Photo: C/O Bempu

Back in 2013, Time estimated that 5.21 million moms and 214,000 dads identified as stay-at-home parents in the United States. This number is even larger in India, but the stay-at-home parents there don’t have access to the latest pediatric medical technology that American parents do. That is, until now.

In India, one-third of all babies are born extremely underweight, and because of this, researchers there estimate that 92% of all Indian newborns are at risk for hypothermia. This is a dangerous illness in which a child’s internal temperature drops under 97.7 degrees Fahrenheit, putting the child at risk for severe infections, cardiac arrest, pneumonia, and death.

To combat premature infant deaths from hypothermia, the Bangalore-based startup Bempu has created a new piece of wearable technology. Developed with help from the Bill and Melinda Gates Foundation, Bempu’s baby bracelet will constantly monitor a baby’s internal temperature by touching the underside of the baby’s wrist. If the temperature oscillates either too high or too low, an alarm will go off until the baby’s temperature is regulated to a healthy temperature.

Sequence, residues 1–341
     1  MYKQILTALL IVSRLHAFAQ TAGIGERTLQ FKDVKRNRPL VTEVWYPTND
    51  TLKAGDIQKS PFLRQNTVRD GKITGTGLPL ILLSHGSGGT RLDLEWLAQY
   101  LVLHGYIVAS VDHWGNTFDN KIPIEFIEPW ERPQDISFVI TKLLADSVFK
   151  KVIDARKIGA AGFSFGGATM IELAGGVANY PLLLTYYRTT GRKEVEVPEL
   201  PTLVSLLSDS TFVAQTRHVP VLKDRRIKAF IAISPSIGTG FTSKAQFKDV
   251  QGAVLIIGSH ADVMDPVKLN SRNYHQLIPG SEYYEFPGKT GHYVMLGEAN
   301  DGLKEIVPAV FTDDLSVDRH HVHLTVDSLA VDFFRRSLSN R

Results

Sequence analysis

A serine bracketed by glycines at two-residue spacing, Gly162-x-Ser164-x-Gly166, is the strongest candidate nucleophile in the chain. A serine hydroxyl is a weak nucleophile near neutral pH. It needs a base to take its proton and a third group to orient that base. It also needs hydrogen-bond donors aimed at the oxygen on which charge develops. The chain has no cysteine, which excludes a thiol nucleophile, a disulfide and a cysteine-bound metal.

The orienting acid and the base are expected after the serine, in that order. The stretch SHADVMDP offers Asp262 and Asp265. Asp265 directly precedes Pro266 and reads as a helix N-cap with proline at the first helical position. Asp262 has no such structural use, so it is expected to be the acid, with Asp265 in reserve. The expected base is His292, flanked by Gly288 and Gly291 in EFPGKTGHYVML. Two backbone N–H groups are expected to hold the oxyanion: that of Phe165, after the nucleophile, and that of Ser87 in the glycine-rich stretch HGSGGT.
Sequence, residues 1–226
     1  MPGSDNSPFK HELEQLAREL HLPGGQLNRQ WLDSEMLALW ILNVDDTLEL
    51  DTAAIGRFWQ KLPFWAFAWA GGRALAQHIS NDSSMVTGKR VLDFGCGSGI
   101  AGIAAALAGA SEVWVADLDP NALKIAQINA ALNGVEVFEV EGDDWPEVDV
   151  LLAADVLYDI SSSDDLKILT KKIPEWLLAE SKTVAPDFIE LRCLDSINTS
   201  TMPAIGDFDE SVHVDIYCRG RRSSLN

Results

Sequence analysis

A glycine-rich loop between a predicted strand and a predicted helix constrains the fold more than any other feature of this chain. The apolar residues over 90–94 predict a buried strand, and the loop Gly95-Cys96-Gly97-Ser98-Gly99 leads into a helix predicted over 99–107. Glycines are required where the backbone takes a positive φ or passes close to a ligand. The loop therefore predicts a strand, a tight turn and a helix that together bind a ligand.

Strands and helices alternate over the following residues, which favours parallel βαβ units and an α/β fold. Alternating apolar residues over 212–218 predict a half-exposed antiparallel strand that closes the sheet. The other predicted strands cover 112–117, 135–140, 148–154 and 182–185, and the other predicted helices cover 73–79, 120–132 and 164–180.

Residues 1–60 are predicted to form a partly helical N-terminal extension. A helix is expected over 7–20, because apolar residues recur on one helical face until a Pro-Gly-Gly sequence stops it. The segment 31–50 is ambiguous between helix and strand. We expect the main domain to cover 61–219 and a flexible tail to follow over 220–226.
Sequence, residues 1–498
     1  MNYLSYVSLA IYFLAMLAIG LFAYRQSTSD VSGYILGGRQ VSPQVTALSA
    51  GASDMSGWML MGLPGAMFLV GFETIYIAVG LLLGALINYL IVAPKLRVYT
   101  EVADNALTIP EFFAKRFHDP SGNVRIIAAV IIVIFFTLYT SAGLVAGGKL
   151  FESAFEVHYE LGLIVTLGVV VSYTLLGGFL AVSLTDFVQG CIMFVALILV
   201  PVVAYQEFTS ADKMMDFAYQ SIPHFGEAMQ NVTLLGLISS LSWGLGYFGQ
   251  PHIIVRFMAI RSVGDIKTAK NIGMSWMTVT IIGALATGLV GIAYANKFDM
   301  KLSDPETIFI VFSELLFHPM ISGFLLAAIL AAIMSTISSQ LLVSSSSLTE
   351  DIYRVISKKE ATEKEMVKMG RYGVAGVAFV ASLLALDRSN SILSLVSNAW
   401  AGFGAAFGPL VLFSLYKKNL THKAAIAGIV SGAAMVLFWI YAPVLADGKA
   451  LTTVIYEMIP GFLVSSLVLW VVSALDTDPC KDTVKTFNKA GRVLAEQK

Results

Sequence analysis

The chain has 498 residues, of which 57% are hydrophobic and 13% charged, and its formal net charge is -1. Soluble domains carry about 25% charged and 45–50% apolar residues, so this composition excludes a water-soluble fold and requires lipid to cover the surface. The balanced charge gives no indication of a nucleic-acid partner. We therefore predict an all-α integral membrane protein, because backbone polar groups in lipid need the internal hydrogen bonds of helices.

While some critics believe this bracelet is just a thermometer, Bempu officials explain that it provides an immediate call to action for parents. This is crucial because child hypothermia is easily avoidable if caught early enough.

“Hypothermia, in its nascent stage, can be easily preventable. It can be as simple as the parent wrapping the baby in an extra blanket or providing some skin-to-skin contact,” Gini Morgan, the director for public health at Bempu, explains to City Lab.

Bempu advises doctors to prescribe the bracelet to parents with underweight infants, as well as babies who spent time in the intensive care unit.

Considering that India’s rate of newborn hypothermia is rising fastest in its poorer communities, the startup is focusing its efforts in rural areas as a way to spread public health caregiving across the country. Cases of hypothermia often go unchecked at rural hospitals, making some parents unaware that their child is suffering from the high-risk illness.

Besides administering the bracelet to all parents, Bempu is concentrating their efforts on educating parents on the importance of consistent medical care for their children.

Pediatrician Jagdish Somanna explains, “The crucial thing is educating the parents and providing the supportive infrastructure at hospitals and at home. The bracelet is a great instrument to detect it, but we need to stop hypothermia in the first place.”